According to CNN, the LifeBOAT Act would offer rebates on the proposed tax for opiate medications prescribed for people with cancer-related pain, those who need pain management for end-of-life care, and patients for whom opioids are prescribed as “part of medically assisted treatment;” however, a clearer definition of “medically assisted treatment” is needed. Do people with chronic pain on short or long-term opiate therapy count as patients who are going through “medically assisted treatment?” Without stricter guidelines as to who gets the rebates and under what circumstance(s), this part of the legislation might end up hurting chronic pain patients, many of whom already deal with enough frustration and bureaucratic roadblocks to get their medications refilled every month.

Furthermore, the collapsing of two separate issues—opiate abuse and addiction versus the correct use of opiates in treating chronic pain—into one seems problematic. Ignoring the differences between these issues is not a new thing; politicians, heads of government agencies such as the CDC and FDA, and the media have been turning the focus to the pain pill addiction that, we are told, has been affecting “ordinary Americans” for years, while leaving out Americans with chronic pain who use opiate medications to responsibly manage physical pain.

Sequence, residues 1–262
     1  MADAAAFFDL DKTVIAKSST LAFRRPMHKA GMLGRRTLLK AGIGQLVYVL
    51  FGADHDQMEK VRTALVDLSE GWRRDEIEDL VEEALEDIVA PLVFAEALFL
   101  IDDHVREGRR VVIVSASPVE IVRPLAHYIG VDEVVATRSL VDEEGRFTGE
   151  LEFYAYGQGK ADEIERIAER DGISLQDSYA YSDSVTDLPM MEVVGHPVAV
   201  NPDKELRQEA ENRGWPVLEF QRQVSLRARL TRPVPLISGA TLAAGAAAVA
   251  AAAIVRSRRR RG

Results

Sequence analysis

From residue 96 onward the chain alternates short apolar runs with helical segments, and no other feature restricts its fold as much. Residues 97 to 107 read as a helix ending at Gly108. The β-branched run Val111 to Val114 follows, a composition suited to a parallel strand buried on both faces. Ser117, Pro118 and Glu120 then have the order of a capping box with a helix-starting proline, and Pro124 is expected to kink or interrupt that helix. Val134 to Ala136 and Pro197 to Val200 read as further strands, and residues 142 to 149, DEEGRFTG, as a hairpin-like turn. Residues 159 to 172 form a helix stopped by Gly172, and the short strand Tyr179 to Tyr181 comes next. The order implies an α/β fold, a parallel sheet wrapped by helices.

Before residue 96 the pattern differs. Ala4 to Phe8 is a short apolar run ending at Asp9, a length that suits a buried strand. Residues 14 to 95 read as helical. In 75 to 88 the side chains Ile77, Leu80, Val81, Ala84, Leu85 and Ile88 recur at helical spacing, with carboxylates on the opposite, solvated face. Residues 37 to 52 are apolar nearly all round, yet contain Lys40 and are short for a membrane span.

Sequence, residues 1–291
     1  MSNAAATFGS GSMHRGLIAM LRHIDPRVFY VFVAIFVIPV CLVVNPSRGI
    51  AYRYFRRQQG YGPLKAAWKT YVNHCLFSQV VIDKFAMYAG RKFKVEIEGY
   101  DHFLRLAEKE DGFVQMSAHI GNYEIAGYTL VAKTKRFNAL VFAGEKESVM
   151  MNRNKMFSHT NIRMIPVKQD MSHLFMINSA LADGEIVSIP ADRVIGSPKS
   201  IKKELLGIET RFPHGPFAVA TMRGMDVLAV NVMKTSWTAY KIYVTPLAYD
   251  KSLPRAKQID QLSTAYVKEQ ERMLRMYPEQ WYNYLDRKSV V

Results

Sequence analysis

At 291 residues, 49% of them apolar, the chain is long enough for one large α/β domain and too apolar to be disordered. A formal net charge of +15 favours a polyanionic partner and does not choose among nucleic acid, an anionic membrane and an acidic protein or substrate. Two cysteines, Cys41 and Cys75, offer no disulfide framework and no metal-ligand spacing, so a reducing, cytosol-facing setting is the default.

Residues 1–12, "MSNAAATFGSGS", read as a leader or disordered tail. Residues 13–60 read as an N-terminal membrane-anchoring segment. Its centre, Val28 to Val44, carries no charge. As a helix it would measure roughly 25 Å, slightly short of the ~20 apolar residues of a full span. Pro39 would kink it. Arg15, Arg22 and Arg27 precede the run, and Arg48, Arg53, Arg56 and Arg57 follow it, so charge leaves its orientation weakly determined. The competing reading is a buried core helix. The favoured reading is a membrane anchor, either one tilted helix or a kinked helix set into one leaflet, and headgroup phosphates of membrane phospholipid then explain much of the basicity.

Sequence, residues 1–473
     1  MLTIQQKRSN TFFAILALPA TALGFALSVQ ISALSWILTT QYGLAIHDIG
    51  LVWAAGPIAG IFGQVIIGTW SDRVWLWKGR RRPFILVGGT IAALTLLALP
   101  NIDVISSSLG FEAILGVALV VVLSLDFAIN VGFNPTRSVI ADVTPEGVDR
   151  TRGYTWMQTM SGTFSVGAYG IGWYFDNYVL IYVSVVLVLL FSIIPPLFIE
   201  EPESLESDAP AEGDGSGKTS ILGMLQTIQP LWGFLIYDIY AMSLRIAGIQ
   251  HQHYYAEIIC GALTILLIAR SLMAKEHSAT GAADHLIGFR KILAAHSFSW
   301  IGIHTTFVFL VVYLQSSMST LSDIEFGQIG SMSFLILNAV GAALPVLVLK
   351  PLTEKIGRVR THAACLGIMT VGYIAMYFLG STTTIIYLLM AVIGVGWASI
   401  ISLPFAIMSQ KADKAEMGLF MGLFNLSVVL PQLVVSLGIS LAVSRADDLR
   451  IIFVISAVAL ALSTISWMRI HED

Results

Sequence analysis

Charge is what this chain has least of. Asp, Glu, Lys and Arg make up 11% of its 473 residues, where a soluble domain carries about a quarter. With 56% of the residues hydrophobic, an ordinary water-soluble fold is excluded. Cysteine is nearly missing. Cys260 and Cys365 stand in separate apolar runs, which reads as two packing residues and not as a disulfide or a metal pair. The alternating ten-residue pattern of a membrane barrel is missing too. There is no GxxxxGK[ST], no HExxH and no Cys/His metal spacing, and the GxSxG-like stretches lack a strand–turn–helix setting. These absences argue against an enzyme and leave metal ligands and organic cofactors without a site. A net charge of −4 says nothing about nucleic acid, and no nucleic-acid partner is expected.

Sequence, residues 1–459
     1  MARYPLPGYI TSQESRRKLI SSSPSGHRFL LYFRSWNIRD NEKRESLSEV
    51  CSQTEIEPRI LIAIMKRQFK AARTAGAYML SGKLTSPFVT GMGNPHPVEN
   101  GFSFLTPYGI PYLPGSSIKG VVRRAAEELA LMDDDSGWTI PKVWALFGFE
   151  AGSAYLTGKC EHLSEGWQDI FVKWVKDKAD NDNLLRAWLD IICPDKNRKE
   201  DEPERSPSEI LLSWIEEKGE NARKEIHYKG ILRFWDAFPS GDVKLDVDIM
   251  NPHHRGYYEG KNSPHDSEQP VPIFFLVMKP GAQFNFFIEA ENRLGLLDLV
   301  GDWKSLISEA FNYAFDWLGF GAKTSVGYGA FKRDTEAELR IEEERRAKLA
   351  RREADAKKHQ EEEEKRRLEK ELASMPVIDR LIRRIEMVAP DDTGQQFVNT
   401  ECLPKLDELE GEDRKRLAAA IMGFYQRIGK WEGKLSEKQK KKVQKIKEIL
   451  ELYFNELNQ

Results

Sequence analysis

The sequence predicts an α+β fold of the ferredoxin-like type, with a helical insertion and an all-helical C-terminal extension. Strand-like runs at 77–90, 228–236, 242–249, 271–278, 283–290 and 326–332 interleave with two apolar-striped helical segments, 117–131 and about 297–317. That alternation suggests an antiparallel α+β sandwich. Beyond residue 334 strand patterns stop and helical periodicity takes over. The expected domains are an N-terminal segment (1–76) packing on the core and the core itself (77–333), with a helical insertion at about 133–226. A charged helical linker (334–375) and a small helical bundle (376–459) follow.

Most “ordinary” people with opiate addictions do not start with correctly prescribed pain pills; a 2014 study indicated that 75% of opioid abuse starts with “nonmedical use” of pain pills on the part of the addict, usually with medications that are not prescribed to them, but to a family member or friend. For people with chronic pain who utilize their medications responsibly, the chance of getting addicted to opiates is slim. The problem with collapsing the opiate addiction and opiates for chronic pain issues into one—and making consumers who are prescribed opiates pay more for their medication, as the LifeBOAT Act proposes—is that it puts the burden onto people with chronic pain who receive opiate medications legally. These patients will end up paying a high cost for something that will not benefit them unless they are addicted to their medication. People with chronic pain who need opiate medications did not create the “pain pill epidemic,” but are being made to clean up a mess that has little to do with them.